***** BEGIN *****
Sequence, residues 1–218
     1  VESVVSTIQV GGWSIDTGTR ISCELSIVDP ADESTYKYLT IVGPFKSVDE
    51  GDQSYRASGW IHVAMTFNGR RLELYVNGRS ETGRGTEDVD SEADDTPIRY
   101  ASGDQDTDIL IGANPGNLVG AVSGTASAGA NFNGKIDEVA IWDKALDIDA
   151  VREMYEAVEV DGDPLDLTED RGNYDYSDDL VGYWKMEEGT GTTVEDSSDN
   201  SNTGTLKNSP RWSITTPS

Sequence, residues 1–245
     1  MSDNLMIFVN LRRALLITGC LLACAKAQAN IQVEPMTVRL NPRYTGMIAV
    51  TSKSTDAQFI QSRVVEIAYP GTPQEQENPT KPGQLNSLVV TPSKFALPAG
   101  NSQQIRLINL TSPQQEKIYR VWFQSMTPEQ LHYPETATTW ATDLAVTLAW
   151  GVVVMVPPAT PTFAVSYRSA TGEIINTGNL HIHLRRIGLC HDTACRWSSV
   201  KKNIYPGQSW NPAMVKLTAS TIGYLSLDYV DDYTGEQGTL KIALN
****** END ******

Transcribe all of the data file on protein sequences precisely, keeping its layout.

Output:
Sequence, residues 1–218
     1  VESVVSTIQV GGWSIDTGTR ISCELSIVDP ADESTYKYLT IVGPFKSVDE
    51  GDQSYRASGW IHVAMTFNGR RLELYVNGRS ETGRGTEDVD SEADDTPIRY
   101  ASGDQDTDIL IGANPGNLVG AVSGTASAGA NFNGKIDEVA IWDKALDIDA
   151  VREMYEAVEV DGDPLDLTED RGNYDYSDDL VGYWKMEEGT GTTVEDSSDN
   201  SNTGTLKNSP RWSITTPS

Sequence, residues 1–245
     1  MSDNLMIFVN LRRALLITGC LLACAKAQAN IQVEPMTVRL NPRYTGMIAV
    51  TSKSTDAQFI QSRVVEIAYP GTPQEQENPT KPGQLNSLVV TPSKFALPAG
   101  NSQQIRLINL TSPQQEKIYR VWFQSMTPEQ LHYPETATTW ATDLAVTLAW
   151  GVVVMVPPAT PTFAVSYRSA TGEIINTGNL HIHLRRIGLC HDTACRWSSV
   201  KKNIYPGQSW NPAMVKLTAS TIGYLSLDYV DDYTGEQGTL KIALN